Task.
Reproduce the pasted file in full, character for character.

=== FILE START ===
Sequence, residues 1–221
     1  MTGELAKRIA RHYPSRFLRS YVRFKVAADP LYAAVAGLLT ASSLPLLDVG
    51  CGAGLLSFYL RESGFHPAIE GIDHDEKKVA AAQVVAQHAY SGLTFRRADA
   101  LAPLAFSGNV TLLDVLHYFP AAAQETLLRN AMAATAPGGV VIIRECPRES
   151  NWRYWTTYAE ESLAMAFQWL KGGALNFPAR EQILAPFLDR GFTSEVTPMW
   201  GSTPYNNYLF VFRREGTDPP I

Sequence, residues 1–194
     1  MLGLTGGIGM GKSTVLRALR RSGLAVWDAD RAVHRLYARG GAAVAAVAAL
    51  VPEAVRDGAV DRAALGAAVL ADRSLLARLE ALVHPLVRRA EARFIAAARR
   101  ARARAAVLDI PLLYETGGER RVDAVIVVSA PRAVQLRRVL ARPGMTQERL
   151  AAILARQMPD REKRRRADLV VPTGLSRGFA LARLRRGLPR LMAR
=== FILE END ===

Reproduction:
Sequence, residues 1–221
     1  MTGELAKRIA RHYPSRFLRS YVRFKVAADP LYAAVAGLLT ASSLPLLDVG
    51  CGAGLLSFYL RESGFHPAIE GIDHDEKKVA AAQVVAQHAY SGLTFRRADA
   101  LAPLAFSGNV TLLDVLHYFP AAAQETLLRN AMAATAPGGV VIIRECPRES
   151  NWRYWTTYAE ESLAMAFQWL KGGALNFPAR EQILAPFLDR GFTSEVTPMW
   201  GSTPYNNYLF VFRREGTDPP I

Sequence, residues 1–194
     1  MLGLTGGIGM GKSTVLRALR RSGLAVWDAD RAVHRLYARG GAAVAAVAAL
    51  VPEAVRDGAV DRAALGAAVL ADRSLLARLE ALVHPLVRRA EARFIAAARR
   101  ARARAAVLDI PLLYETGGER RVDAVIVVSA PRAVQLRRVL ARPGMTQERL
   151  AAILARQMPD REKRRRADLV VPTGLSRGFA LARLRRGLPR LMAR